Sunday, January 06, 2008

Heroes in Hard Times and Lethal Weapon

“Heroes in Hard Times” and “Lethal Weapon”

Danny Glover (Murtaugh) and Mel Gibson (Riggs) paint the very picture which King talks about as the typical buddy cops. When the two first meet, they don’t get along too well, and the established cop, Murtaugh, wants no part of the new kid, Riggs. As the movie progresses, so does the cop’s relationship with one another. They disagree with each other’s tactics, yet are willing to fight for each other’s life and put themselves in harm’s way in order to protect the other. They also fall into the cliché that one cop has a good, mostly happy life and the other is a complete mess away from the job, with no family, little money and being borderline suicidal. This seems to be the case in 99% of cop movies.
Mel Gibson’s character seems to characterize the “bitterness, and sense of oppressions” the King talks about in the chapter about the white males guilt. Riggs is very guilty about the death of his wife and considers suicide at several points in the movie. He is unafraid to die, and therefore takes risks in order to help people that most other cops would not consider. He also tries to drown out his problems by drinking and smoking and paying hookers to watch tv with him to alleviate his loneliness. These qualities seem to make Riggs more effective on the force, yet eat him up inside because of the guilt which haunts him constantly.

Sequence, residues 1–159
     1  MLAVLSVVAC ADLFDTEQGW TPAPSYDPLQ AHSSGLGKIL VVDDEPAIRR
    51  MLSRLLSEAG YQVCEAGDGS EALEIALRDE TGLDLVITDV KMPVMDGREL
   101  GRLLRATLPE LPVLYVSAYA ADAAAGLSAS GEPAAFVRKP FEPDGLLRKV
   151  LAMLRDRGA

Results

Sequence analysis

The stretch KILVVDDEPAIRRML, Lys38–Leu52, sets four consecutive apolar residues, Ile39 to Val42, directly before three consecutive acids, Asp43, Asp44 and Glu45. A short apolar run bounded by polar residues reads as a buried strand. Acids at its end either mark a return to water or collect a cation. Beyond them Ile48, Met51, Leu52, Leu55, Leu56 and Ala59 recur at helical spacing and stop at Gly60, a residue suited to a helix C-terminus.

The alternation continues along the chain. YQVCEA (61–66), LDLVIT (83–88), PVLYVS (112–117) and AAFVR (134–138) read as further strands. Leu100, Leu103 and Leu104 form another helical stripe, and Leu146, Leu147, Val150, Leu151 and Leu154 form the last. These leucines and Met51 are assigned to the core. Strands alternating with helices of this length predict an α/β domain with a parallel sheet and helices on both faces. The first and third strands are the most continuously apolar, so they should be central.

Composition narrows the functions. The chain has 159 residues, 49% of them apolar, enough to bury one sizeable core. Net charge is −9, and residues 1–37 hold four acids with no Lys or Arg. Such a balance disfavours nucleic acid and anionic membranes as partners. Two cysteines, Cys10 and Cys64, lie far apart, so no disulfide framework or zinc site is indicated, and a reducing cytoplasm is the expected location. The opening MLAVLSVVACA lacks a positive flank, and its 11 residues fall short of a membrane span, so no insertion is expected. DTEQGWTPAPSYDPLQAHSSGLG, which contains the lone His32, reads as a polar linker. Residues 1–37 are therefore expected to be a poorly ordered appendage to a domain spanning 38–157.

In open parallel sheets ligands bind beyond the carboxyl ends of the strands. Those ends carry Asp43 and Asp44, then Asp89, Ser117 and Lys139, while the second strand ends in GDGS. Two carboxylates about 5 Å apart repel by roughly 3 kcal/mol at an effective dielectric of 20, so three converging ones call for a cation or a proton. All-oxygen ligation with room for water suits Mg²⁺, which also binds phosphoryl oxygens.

Blogger Vladigogo said...

Do you think it is guilt that eats away at Riggs?

Or is it just self-pity? Or are they the same thing perhaps?

5:49 PM  

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